In this article we will discuss about:- 1. Meaning of Plasmids 2. Classes of Plasmid 3. Copies of Plasmids within a Cell 4. Phenotypic Effects of Plasmids 5. Origin of Plasmids and Viruses 6. Uses of Plasmids.
Meaning of Plasmids:
In bacterial cells, certain autonomously replicating circular genetic elements (DNA) are found some of which can become integrated into the bacterial chromosome, while others exist independently of the latter. These genetic elements are called plasmids and episomes depending on their integration into the bacterial chromosomes.
Jacob and Wollmann in 1958, defined episomes as DNA elements which are in addition to the normal bacterial chromosomes and that cannot arise due mutation but have to be introduced from outside; these elements are capable of integration into their host chromosomes. The self-replicating DNA molecules that exist, independently of the host chromosome are called plasmids.
However, “plasmids” and “episomes” are regarded as the same in modern terminology, and there is no sharp distinction between two since the ability to integrate into the host chromosome varies quantitatively. However, plasmids and viruses that are known to integrate into the host chromosome usually bear the adjective “episomal”.
In general, genes carried in plasmids are not essential for the host cell survival and growth, except under certain special situations.
Classes of Plasmid:
About 1000 different kinds of bacterial plasmids have been identified; they all are circular DNA molecules. Based on their size (length, molecular weight and number of base pairs), the plasmids can be divided into two major classes; large plasmids and small plasmids.
These plasmids are 60-120 kb in size and, in most cases, are conjugative, i.e., they are self-transmissible through conjugation, hence such plasmids are called conjugons. The mechanism of transfer of these plasmids to other cells by contact is coded by the plasmids themselves. Examples of such plasmids are F-plasmid (sex factor) R-factors (R determinant) and certain bacteriocinogens (Col-factors).
Small plasmids are 1.5 to 15 kb long and are non-conjugative, i.e., they lack the ability of self-transmission through conjugation. However, they can be mobilized for transfer by conjugative plasmids if present in the same cell. Examples of such plasmids are some resistance factors and some bacteriocinogens.
Apart from the above two classes, there exist certain DNA molecules that are smaller than plasmids; examples of such elements are transposable element (transposons) and IS (insertion sequences) elements. But these DNA molecules are non-replicating; therefore, they cannot be perpetuated unless they are inserted into the DNA of plasmids, temperate bacteriophages or bacterial chromosomes.
Copies of Plasmids within a Cell:
Plasmids differ considerably regarding the number of copies per cell. Large plasmids are present in only one copy per host chromosome, but small plasmids may have many copies, ranging from 10 to 20. A “replication repressor” controls the number of plasmid copies.
When the host cell protein synthesis is blocked by chloramphenicol, copies of plasmids increase and they may reach up to 1000 per cell. When the replication of different plasmids is regulated by different repressors, their characteristic number within a cell line is maintained.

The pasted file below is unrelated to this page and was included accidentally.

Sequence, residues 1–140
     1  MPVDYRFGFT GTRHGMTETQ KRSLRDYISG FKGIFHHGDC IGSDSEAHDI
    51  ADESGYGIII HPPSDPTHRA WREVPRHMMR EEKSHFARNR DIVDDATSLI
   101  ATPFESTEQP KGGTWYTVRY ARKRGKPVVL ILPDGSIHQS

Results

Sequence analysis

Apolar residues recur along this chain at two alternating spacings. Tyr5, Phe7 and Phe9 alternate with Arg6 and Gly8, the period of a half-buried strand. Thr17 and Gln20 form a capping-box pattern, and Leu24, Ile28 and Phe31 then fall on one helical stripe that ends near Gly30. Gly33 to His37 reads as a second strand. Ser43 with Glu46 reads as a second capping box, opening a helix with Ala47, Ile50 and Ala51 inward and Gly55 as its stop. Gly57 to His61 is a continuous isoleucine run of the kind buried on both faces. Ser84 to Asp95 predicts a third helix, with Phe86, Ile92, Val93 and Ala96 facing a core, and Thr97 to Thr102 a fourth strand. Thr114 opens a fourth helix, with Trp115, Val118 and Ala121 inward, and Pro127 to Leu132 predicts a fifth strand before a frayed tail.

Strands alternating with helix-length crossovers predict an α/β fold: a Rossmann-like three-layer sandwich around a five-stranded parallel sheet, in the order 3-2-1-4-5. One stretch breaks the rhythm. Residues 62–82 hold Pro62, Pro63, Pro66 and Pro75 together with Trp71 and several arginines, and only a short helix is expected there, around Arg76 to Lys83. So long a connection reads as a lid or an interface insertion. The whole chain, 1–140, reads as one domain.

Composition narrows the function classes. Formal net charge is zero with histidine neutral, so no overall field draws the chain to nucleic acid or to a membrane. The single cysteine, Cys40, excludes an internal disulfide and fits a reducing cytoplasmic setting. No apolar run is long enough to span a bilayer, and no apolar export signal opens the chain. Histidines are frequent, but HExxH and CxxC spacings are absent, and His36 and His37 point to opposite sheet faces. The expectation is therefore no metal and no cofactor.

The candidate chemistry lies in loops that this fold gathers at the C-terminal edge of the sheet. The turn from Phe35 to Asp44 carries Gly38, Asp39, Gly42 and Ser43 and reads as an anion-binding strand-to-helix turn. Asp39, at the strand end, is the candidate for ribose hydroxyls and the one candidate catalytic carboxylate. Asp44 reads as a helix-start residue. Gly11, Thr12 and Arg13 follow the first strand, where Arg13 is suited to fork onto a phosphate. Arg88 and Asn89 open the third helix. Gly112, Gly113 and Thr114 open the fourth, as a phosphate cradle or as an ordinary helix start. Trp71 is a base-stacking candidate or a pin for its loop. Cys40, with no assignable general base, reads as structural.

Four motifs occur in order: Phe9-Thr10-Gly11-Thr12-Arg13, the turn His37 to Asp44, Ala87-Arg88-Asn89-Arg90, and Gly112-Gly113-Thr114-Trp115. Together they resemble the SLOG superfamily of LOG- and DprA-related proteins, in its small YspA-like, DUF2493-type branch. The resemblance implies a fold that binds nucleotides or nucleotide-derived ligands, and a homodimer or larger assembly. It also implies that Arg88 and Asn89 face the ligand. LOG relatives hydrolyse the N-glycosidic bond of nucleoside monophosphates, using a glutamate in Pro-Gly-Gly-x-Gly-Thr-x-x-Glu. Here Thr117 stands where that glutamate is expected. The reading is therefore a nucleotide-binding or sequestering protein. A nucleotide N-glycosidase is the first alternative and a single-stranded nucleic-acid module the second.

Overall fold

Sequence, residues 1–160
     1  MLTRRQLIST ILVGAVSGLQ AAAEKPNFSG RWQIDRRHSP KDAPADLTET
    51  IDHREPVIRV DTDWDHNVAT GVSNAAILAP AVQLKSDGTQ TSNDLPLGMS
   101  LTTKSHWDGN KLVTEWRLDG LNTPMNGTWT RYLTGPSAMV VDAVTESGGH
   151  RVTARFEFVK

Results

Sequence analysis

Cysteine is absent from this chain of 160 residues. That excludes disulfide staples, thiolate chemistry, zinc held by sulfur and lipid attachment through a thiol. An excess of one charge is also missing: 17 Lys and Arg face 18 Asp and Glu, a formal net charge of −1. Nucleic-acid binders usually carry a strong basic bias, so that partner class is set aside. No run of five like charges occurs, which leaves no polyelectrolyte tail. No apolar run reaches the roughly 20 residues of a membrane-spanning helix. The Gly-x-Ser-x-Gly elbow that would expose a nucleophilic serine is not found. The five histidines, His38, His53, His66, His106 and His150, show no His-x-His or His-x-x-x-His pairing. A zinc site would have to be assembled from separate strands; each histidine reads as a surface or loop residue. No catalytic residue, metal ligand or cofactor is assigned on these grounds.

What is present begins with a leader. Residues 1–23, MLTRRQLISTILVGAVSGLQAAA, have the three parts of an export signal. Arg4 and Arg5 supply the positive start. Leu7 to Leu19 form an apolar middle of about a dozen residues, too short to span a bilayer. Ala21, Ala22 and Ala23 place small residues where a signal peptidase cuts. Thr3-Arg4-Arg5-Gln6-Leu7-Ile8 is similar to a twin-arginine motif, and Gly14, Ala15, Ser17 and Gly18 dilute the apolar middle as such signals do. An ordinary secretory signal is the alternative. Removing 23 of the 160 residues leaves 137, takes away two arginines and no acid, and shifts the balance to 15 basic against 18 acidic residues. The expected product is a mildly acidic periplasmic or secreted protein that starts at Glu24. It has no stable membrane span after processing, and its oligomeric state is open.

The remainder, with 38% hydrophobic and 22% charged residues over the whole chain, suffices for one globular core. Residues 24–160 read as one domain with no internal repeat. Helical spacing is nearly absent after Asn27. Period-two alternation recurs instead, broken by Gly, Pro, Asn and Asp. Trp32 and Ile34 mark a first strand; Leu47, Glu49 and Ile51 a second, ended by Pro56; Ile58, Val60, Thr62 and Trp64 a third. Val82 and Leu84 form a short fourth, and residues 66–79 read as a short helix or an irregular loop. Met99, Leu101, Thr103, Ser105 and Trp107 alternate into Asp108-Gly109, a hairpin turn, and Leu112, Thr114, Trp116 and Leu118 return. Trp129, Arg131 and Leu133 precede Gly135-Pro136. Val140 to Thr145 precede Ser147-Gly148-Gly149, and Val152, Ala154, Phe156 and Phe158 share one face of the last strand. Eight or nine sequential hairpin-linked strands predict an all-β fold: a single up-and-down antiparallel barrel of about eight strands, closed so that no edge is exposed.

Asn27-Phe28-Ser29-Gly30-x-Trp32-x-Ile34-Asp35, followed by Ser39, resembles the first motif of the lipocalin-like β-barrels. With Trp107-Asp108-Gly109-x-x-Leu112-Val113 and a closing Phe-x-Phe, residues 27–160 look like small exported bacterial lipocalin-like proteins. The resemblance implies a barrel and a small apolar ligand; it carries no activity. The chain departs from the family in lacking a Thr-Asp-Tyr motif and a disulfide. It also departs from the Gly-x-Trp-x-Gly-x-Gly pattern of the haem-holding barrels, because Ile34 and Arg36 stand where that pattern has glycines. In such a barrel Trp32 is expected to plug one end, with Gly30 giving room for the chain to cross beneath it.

Such plasmids are called compatible. But if a common repressor controls the replication of a number of different plasmids, the repressor recognizes all such different plasmids, deviation in their number is not corrected and many cells end up with one or other type of plasmid.
Thus different plasmids cannot coexist in the same cell for many cell generations. Such plasmids are called “incompatible” and they form an “incompatibility group”.
Phenotypic Effects of Plasmids:
Plasmids contain various combinations of genes governing different traits (Table 18.1). However, some very small plasmids have no known phenotypic effects.
Origin of Plasmids and Viruses:
It is believed that small DNA fragments were excised from the cell chromosome and became circularized; these fragments contained the sites for replication initiation, i.e., each fragment was a functional “replicon”.
During the course of evolution, duplications and mutations brought about changes in these DNA fragments. Some of these fragments developed symbiotic relationships with their host cells and became the present day plasmids. Some others developed a protein coat (capsid) around them to become free viral particles.
Uses of Plasmids:
Plasmids can be used as vectors in gene cloning. DNA cloning or gene cloning is the process by which DNA fragments can be amplified many folds by inserting them into a suitable plasmid or a temperate bacteriophage, and growing them in the appropriate bacterial cells/yeast cells.
Plasmids should have following characteristics for their use as vectors:
1. Plasmid should be small in size for its stability.
2. Plasmid replication should be independent of host chromosome replication, i.e., there should relaxed genetic control. This causes the accumulation of plasmids in large copy number up to even 1000 per cell.
3. There should be non-conjugative transmission of the plasmid.
A number of plasmids have been used as vectors for recombinant DNA production. One widely used plasmid vector is “pBR 322” that has been constructed from other large vectors, such as, pBR313, pBR318 and pBR320. The plasmid pBR322 contains 4362 nucleotide pairs, and the genes for resistance to ampicillin (ampR) and tertracycline (tetR.)
This plasmid also contains unique target sites for the action of a number of restriction endonucleases (Fig. 18.12).
The recombinant DNA technology or gene cloning technology involves certain specific enzymes called the restriction endonucleases; these enzymes are obtained from different organisms.
Restriction endonucleases are the enzymes that recognize specific nucleotide sequences of DNA and cut the double helix at or near their recognition sites (target sites). The target sites are small palindromic sequences having rotational symmetry; these sites generally contain 4-6 bases that are recognized by the specific restriction enzymes. For example, Eco RI endonuclease recognizes.